New Zealand were not coming into the tournament with the strongest of ODI runs. In their last few series, they lost to India 2-3 (October, 2016), Australia 0-3 (December 2016) and South Africa 2-3 (February/March, 2017). Nevertheless, they had won against Bangladesh and Ireland, and secured a 2-0 series win against Australia in early February of this year. Finalists in the last World Cup, this team was struggling to find their footing recently. The exodus of greats like Brendon McCullum, Daniel Vettori and Grant Elliott had left an indelible void. However they were in no way short of superstars, with the likes of Kane Williamson, Ross Taylor and Martin Guptill in their ranks as well as a bowling line-up that boasted Trent Boult and Tim Southee. Despite their troubles, New Zealand showed promise with the likes of Corey Anderson brimming with potential and waiting to rise to the occasion in a big tournament like this.
Winless. Rain. Surprise chase.
In their first match against Australia, guided by Williamson, New Zealand posted a competitive total of 291 (innings reduced to 46 overs). However, the mini-collapse constructed by a Hazelwood blitz foreshadowed some of their persistent batting weaknesses. Before the washout, New Zealand were in command with Australia cornered at 53 for 3 in just under 10 overs. Ultimately, sharing a point each between them, New Zealand’s standing did not reflect their performance on the day.
Dark clouds loomed ceaselessly through the 54 overs bowled during the Australia New Zealand game
Their next match was against the formidable English side, then-favourites for the tournament. Chasing a target of 310, New Zealand suffered a comprehensive defeat - all-out for 223. Now relying on a must win and some net run-rate magic, New Zealand still backed themselves against Bangladesh, only to be knocked out in a thrilling run-chase chase courtesy a 224-run partnership between Shakib-ul-Hasan and Mahmudullah.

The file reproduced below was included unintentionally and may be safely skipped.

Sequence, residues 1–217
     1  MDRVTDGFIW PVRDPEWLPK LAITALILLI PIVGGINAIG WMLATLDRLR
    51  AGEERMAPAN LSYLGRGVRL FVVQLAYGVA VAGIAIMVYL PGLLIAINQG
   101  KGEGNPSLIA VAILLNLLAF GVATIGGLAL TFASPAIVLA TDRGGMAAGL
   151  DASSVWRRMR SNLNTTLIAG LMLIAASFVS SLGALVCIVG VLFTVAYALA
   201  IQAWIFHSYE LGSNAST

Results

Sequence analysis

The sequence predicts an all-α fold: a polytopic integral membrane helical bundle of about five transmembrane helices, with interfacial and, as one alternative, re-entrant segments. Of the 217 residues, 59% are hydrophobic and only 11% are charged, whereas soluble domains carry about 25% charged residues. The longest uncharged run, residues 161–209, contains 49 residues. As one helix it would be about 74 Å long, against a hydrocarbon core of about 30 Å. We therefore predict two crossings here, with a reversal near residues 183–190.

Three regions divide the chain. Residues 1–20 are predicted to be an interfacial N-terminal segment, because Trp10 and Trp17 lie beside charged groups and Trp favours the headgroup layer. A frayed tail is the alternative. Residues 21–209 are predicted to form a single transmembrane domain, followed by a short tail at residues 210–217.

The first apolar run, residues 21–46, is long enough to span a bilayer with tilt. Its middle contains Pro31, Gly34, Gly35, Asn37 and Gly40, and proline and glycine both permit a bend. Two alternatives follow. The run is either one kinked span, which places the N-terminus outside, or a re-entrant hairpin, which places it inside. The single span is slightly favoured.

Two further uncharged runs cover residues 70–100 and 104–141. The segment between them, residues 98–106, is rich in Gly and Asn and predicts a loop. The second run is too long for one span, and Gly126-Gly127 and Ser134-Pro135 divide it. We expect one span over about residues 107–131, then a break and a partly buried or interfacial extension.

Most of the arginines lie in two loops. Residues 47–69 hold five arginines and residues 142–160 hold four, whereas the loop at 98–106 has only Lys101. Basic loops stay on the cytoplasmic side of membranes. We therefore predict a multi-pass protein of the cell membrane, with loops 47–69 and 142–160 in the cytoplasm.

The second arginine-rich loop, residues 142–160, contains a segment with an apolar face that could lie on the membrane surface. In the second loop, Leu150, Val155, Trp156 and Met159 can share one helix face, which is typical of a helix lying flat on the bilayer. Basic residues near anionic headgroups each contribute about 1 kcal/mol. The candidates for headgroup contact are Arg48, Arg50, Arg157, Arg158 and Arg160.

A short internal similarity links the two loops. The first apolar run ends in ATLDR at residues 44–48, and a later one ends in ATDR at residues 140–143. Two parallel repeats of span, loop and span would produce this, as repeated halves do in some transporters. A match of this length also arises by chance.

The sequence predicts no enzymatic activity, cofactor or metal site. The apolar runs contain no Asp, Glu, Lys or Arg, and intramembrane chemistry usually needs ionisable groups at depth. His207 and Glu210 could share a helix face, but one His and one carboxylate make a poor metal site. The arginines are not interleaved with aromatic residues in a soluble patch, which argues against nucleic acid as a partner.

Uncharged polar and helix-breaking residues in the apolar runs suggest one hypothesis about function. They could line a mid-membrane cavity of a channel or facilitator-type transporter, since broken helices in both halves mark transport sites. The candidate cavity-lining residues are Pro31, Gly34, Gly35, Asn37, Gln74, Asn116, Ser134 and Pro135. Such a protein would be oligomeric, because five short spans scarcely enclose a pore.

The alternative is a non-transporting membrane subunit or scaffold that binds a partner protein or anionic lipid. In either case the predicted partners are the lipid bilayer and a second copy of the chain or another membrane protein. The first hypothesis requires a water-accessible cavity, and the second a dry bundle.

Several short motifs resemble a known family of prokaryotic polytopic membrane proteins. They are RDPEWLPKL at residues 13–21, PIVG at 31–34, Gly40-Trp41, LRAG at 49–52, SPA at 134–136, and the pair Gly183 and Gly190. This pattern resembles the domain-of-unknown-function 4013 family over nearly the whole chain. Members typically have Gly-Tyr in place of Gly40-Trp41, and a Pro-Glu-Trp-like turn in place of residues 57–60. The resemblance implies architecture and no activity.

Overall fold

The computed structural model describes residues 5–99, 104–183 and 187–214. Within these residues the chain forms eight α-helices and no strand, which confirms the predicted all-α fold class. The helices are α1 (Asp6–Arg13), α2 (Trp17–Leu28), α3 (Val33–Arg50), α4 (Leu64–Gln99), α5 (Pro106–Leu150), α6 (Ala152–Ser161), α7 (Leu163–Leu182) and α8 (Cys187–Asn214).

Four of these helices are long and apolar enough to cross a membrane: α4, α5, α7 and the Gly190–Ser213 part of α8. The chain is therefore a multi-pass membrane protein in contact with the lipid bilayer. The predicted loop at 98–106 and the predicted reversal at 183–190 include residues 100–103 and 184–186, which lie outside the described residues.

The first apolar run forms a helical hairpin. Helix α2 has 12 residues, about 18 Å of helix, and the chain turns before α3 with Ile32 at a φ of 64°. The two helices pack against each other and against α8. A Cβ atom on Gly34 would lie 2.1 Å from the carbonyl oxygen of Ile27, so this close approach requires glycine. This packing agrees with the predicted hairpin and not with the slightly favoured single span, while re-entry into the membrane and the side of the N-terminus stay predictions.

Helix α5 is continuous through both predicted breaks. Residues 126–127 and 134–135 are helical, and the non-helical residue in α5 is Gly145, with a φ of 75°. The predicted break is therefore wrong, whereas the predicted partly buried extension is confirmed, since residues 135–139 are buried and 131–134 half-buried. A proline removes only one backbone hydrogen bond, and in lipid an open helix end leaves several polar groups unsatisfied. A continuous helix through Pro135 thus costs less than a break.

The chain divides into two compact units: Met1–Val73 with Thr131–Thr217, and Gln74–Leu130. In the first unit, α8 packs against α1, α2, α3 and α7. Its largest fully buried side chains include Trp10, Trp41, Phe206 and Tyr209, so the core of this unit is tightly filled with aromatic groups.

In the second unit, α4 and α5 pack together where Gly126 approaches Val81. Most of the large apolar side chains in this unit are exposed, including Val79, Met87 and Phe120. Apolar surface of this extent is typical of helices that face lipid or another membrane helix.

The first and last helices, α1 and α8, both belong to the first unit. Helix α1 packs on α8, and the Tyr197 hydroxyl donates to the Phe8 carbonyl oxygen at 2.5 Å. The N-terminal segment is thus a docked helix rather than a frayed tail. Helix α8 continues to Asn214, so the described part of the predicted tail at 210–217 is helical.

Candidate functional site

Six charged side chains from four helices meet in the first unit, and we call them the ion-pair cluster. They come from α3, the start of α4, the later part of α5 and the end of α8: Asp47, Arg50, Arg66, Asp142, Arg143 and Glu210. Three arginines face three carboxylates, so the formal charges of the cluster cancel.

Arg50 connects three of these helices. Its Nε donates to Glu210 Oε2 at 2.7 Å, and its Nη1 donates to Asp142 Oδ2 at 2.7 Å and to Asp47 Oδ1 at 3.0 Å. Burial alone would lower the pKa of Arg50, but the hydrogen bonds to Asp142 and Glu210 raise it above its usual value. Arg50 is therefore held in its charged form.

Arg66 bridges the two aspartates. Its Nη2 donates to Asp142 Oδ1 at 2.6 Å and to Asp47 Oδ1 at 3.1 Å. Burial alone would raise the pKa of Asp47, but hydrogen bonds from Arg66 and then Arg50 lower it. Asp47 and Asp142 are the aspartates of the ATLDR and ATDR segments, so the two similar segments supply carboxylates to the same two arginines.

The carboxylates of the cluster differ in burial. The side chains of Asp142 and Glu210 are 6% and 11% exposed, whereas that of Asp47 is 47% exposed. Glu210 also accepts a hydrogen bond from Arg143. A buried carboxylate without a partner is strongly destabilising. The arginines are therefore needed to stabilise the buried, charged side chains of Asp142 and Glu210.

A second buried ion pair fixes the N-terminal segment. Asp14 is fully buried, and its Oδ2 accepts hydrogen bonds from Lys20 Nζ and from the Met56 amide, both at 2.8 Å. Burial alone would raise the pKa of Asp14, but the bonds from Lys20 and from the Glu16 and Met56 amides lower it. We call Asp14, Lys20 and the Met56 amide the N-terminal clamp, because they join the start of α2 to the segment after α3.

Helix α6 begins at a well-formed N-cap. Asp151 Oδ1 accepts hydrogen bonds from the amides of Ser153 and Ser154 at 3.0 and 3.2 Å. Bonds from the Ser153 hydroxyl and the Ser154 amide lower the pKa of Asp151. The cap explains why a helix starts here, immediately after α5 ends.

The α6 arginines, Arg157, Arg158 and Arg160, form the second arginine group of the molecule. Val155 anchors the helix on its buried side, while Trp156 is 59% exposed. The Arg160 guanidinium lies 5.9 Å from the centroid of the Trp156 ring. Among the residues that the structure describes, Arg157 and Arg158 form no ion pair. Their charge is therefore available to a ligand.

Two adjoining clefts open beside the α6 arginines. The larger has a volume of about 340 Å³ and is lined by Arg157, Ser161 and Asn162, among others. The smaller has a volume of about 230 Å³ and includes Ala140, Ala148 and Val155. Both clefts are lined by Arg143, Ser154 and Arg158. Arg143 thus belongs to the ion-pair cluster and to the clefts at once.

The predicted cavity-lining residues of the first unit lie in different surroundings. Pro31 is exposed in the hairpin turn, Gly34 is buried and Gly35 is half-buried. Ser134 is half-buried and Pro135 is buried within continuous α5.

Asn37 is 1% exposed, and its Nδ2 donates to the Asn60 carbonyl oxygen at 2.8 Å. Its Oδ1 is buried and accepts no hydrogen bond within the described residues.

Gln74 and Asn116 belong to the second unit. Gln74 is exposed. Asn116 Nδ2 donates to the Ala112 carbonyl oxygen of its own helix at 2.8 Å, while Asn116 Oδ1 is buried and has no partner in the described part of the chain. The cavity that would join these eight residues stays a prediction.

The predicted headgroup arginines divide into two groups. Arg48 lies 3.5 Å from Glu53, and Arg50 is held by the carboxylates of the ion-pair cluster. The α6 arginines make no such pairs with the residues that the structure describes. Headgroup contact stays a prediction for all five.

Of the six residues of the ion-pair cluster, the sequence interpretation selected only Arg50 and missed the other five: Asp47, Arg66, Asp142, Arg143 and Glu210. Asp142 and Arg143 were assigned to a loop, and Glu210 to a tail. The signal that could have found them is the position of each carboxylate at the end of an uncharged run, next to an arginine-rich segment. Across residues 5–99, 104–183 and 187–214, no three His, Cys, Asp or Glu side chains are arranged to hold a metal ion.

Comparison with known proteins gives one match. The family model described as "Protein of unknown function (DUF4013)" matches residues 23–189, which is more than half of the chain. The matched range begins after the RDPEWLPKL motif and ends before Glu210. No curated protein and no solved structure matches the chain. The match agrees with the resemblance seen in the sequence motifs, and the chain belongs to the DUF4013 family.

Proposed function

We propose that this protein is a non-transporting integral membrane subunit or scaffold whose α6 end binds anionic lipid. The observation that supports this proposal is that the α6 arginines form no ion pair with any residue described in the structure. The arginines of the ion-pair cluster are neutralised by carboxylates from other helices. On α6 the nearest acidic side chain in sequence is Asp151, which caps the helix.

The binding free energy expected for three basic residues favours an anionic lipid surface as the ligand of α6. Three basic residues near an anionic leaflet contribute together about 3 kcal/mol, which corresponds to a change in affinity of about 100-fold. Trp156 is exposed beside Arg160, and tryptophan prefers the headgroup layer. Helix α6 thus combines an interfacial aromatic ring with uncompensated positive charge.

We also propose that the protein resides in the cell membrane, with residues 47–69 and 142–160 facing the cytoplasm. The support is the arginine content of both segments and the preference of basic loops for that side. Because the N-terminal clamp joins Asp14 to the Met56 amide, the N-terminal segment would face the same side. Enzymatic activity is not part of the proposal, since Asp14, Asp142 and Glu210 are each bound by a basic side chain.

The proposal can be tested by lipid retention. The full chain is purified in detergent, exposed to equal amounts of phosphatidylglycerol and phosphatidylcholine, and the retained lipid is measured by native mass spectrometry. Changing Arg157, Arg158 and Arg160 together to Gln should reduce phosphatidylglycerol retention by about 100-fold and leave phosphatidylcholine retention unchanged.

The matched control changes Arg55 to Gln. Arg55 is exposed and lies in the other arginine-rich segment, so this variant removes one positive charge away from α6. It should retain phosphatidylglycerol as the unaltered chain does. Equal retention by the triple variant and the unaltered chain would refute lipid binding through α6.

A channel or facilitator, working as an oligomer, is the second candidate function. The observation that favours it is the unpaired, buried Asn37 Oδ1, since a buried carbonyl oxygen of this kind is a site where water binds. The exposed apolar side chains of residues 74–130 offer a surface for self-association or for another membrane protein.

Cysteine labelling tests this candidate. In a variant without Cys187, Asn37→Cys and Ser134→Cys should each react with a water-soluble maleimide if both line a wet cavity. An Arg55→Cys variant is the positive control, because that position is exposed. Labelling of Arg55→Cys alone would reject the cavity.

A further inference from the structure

Bangladesh players mob Mahmudullah after he led them to a famous win against Kiwis
New Zealand seemed to over-rely their captain and, as brilliant as he is, Williamson was unable to do it alone. There were small contributions from the likes of Taylor, but none ever converted into something meaningful. The middle-order, the weakest link, was prone to collapses and unable to finish, always falling short of a winning total—be it a sub-par 266 against Bangladesh or 87 shy in the run-chase against England. New Zealand appear to be a shadow of the team that dominated the 2015 World Cup, struggling to find the right combinations. Perhaps it was also the initial washout against Australia that saddled them with a disadvantage, however in their next two matches the Kiwis never looked like a winning side: losing to England by a significant margin and unable to capitalise on a great bowling start by Boult and Southee in their game against Bangladesh.